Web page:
Roxie Theater. 17th SF IndieFest: This year's San Francisco Independent Film Festival is chock full of sensitive indie dramas, documentaries of many stripes, creepy animated features, short films, international thrillers, exploitation spoofs, cheesy midnight sci-fi, and stuff that is just plain batshit weird. Through Feb. 19. sfindie.com. Power Ballad Sing-A-Long: SF IndieFest invites you to release your inner poodle (or at least your inner lover of poodle-haired pop rockers from the 1980s) at their annual music video sing-along party. Sat., Feb. 14, 9:30 p.m. $15. sfindie.com. 3117 16th St., San Francisco, 863-1087, roxie.com.

Sundance Kabuki Cinemas. Song of the Sea: Folklore is life in Tomm Moore's animated masterpiece, a stunning visual tapestry and a simple story about how any family's grief for a lost loved one can be as deep and vast as a national mythology. It demonstrates, as maybe only a great animated film can, how ordinary life teems with wonder. Through Feb. 12. Timbuktu: In filmmaker Abderrahmane Sissako's documentary, the eponymous Malian city is a place increasingly in thrall to Islamic fundamentalism, a place of men with guns instead of minds, with a Sharia mandate to ban anything fun under threat of barbaric punishment. We begin to understand what makes Malian blues bands so soulful and mesmerizingly good: In a place like this, they get 40 lashes for playing music at all, and 40 more just for being together in a room. Through Feb. 12. 1881 Post, San Francisco, 346-3243, sundancecinemas.com/kabuki.html.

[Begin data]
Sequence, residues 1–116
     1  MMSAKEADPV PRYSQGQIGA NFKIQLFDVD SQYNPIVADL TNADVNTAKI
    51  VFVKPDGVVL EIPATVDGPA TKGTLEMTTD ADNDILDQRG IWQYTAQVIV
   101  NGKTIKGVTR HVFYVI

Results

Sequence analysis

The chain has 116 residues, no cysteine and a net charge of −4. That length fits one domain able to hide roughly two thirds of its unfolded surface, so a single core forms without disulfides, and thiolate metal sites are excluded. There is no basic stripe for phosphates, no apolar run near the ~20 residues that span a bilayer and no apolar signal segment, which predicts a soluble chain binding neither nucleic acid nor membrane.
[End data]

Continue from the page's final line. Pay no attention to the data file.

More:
Vogue Theatre. Mostly British Film Festival: This year's festival features films from not only the United Kingdom and Ireland, which most Americans would readily quantify as being British (much to Ireland's chagrin), but also Australia and South Africa, which is seriously kicking it old-school, colonially speaking. And the films in this year's MBFF are also a combination of the old and new schools, kicking off with Yann Demange's award-winning '71 from last year, and including an in-person Q&A with Malcolm McDowell before a screening of his turn as famed Englishman H. G. Wells in 1979's Time After Time. Feb. 12-22. facebook.com/MostlyBritishFilmFestival. 3290 Sacramento, San Francisco, 346-2288, voguesf.com.

Yerba Buena Center for the Arts. In Case of No Emergency: The Films of Ruben Östlund: Starting with a pair of Force Majeure screenings perhaps strategically scheduled on either side of Valentine's Day (Feb. 12 and 15), this month's highly recommended YBCA retrospective of Swedish writer-director Ruben Östlund reveals the career progress through which sad-funny failures of manliness have become an Östlund specialty, with the filmmaker developing a sophisticated internet-age understanding of how social pressure and attention dissipation have combined into some subtle evil superforce that may be driving us all insane. Thu., Feb. 12, 7:30 p.m.; Sun., Feb. 15, 2 p.m.; Thu., Feb. 19, 7:30 p.m.; Sun., Feb. 22, 2 p.m.; Thu., Feb. 26, 7 p.m. $8-$10. 701 Mission, San Francisco, 978-2787, ybca.org.